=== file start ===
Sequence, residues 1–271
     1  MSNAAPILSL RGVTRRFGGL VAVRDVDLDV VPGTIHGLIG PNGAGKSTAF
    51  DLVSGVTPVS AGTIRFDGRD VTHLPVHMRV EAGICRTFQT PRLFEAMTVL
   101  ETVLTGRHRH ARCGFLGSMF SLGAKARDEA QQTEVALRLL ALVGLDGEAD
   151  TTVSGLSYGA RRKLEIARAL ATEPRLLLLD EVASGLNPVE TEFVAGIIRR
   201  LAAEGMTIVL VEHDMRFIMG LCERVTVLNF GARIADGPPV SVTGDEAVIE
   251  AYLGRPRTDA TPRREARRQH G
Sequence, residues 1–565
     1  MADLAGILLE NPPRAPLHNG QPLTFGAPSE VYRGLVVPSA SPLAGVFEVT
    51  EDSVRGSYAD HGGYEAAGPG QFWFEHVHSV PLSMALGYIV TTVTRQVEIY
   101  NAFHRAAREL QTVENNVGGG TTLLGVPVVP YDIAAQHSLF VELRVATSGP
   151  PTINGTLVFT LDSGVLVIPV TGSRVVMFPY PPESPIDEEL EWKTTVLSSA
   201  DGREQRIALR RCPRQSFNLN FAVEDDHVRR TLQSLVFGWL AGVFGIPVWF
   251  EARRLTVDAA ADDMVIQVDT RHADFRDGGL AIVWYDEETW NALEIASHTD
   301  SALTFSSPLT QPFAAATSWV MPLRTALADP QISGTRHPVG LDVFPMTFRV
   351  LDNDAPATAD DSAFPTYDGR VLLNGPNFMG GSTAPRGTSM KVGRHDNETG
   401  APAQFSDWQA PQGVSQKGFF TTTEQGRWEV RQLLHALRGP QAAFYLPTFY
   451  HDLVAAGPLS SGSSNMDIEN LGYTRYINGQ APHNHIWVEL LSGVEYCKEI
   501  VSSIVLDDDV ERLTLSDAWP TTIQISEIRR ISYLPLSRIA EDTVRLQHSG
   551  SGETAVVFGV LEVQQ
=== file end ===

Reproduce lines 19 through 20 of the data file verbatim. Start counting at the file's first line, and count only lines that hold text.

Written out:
   501  VSSIVLDDDV ERLTLSDAWP TTIQISEIRR ISYLPLSRIA EDTVRLQHSG
   551  SGETAVVFGV LEVQQ